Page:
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With the recent influx of data across the healthcare industry, the time to fully implement artificial intelligence and machine learning is now, according to Brandon Sim, the chief technology officer and chief operating officer at ApolloMed, a tech-powered healthcare management company.
“Especially because recent CMS regulations are going to force electronic health record companies to share their data in a more reasonably accessible fashion,” Sim said. “Just the sheer amount of data that is being collected – the rise of alternative sources of data like remote patient monitoring and wearable devices – make it a very natural fit for using machine learning and AI methods in healthcare.”
Further implementing these technologies into healthcare has the potential to advance preventive care, but for that to be possible health systems need to adopt “high-level” AI and ML processes, according to Sim.
WHY THIS MATTERS
What health system executives need to do is be open to automation implementation and figure out how to use it best for their patient population, while tech developers also need to work on building better solutions that will make providers want to use them.
LOW-LEVEL VERSUS HIGH-LEVEL AUTOMATION
Sim views the different types of tasks that can be assisted with automation as a sliding scale. At one end, there are “low-level” tasks and at the other are “high-level” tasks.
On the lower end are the repetitive duties that are currently conducted manually. Workflows such as revenue cycle management, analyzing scans, prior authorization, provider credentialing and other administrative activities fall on this side of the scale.
“All of those are what I classify as automation of routine tasks, which AI can certainly help out in,” Sim said. “Machine learning and AI are essentially pattern-finding recognition tools – so when there’s a pattern, it can very well do that and figure it out pretty easily.”
This sort of automation is more prevalent in healthcare, because it doesn’t require advanced techniques and there is less risk involved, according to Sim.
“There’s not really the risk of something bad happening,” he said. “If you let a robot conduct a surgery, there’s a lot of risks, but if you let a robot process a claim, it’s not a big deal. Certainly, there are lots of low-hanging fruit that are immediately implementable.”
From Sim’s perspective, it’s really a “no-brainer” for health system administrators to automate these lower-level tasks.
On the other end of the spectrum is what Sim calls “high-level” automation, which typically involves assisting in care management or care coordination. This could include analyzing swaths of anonymized patient data to stratify risk and recommend actions for preventive care or AI-led robotic surgery.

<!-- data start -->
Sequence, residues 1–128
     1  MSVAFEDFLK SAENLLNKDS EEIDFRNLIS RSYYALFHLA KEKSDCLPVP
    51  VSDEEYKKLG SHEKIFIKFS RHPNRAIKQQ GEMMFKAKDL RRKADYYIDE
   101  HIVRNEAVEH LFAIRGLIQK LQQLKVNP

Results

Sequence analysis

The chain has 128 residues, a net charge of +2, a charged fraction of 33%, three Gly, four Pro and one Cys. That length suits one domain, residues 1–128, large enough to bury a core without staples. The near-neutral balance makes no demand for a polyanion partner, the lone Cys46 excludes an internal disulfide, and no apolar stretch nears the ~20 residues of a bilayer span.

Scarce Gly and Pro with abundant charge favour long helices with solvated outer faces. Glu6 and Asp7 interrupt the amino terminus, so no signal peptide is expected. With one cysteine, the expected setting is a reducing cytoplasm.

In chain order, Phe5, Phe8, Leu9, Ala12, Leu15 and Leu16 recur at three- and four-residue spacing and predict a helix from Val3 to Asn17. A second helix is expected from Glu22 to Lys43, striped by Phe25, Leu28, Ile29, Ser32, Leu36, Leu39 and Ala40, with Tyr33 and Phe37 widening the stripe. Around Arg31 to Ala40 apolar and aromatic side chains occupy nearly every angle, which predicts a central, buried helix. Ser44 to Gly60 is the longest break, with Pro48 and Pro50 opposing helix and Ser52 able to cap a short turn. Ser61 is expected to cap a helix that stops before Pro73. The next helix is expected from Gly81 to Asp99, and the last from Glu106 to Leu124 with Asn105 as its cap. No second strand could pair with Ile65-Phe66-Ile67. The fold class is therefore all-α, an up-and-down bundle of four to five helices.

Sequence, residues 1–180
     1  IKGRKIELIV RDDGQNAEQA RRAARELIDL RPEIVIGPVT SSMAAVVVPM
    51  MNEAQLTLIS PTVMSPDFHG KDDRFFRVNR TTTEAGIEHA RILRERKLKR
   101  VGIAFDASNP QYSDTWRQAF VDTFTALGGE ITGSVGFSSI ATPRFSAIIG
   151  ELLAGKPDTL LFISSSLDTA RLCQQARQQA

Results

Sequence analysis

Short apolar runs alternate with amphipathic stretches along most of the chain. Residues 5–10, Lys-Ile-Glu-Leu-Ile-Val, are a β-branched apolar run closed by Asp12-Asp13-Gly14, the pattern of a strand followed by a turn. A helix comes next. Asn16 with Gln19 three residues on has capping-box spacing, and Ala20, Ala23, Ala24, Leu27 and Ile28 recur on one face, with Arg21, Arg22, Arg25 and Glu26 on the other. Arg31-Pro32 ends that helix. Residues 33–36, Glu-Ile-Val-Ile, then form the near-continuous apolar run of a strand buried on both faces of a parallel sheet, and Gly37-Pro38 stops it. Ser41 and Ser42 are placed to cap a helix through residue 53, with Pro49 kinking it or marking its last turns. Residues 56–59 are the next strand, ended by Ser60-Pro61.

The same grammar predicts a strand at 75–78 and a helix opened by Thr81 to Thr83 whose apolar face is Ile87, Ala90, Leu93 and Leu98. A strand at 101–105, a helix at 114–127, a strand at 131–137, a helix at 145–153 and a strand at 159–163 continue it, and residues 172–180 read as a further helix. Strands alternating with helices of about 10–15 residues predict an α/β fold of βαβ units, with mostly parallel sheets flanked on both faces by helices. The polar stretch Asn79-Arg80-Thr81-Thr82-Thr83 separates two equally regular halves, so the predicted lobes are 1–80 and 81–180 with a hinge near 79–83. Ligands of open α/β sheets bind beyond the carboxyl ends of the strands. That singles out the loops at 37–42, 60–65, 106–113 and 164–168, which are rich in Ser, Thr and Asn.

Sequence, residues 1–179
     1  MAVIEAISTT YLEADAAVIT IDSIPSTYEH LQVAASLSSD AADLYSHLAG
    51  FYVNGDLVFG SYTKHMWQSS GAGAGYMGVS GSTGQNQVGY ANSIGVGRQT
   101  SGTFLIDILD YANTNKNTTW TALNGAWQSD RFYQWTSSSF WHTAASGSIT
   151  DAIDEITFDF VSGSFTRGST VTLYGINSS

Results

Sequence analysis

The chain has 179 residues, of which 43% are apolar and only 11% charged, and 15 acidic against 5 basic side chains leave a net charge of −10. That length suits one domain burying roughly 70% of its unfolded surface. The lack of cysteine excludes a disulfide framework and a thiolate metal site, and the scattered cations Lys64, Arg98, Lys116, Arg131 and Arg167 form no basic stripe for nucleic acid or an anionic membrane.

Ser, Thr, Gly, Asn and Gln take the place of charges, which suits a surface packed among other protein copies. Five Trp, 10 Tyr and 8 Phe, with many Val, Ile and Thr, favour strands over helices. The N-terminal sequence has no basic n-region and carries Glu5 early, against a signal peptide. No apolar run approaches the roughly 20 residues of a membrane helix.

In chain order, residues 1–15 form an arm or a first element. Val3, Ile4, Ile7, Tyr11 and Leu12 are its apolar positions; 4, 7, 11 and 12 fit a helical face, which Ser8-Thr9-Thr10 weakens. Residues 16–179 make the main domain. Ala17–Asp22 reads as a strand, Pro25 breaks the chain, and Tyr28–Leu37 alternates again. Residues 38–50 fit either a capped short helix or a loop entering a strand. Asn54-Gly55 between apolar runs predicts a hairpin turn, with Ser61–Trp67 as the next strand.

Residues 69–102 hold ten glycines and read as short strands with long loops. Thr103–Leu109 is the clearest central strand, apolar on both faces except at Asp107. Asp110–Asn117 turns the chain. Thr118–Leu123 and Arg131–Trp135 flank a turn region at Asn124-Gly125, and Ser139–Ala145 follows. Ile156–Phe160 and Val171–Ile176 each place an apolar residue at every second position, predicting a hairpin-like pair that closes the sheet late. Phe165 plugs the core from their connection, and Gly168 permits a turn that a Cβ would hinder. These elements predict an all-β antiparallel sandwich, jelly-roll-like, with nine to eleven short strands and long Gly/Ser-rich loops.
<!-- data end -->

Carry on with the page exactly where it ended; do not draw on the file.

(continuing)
“Those need to have providers at the center because, at the end of the day, an algorithm is not going to be able to replace a physician,” Sim said. “It’s going to make a recommendation, but for legal, ethical and all sorts of other considerations the doctor has to be the one who approves and actually makes the final action.”
While this type of automation has higher stakes to it, it also could have more value, according to Sim.
“[The algorithm] needs to be 100% accurate all the time, and you need to work with the providers, all sorts of specialists, and it just takes a longer time to develop those tools,” he said. “But at the end of the day, those will provide greater improvements to the patient’s life rather than just savings on administrative processes.”
IMPROVING ALGORITHMS FOR HIGH-LEVEL FUNCTIONS
A common reason for many health systems that choose not to use AI and ML is a lack of trust in the algorithms.
“A lot of times algorithms fall into something we call a ‘black box algorithm’ where you put in a bunch of data, you can’t see anything inside of it, and then it just spits out something that you have no clue how it got there, but that’s the answer it gives you,” Sim said.
When there’s no way to see how an algorithm makes its decisions, it can be challenging for providers and patients to have confidence in it.
The idea of trustworthy AI has been top of mind for many leaders in healthcare, and the Consumer Technology Association recently unveiled a new ANSI-accredited standard for judging algorithms’ trustworthiness.
“A big part of building trust in AI and machine learning algorithms is allowing for them to be explainable and transparent,” Sim said.
So instead of simply spitting out a conclusion, Sim says an algorithm should also provide some sort of an explanation to how it came to its answer.
As these algorithms become more reliable, they will be readily available for the high-level automation tasks that Sim believes will be essential moving forward.
“There’s still a lot of innovation that can be made, and that’s the exciting part,” he said. “I see a move towards a familiarity and comfort with these higher-level care coordination and care assistant-type AI algorithms, especially as we make advances on explainable algorithms.”
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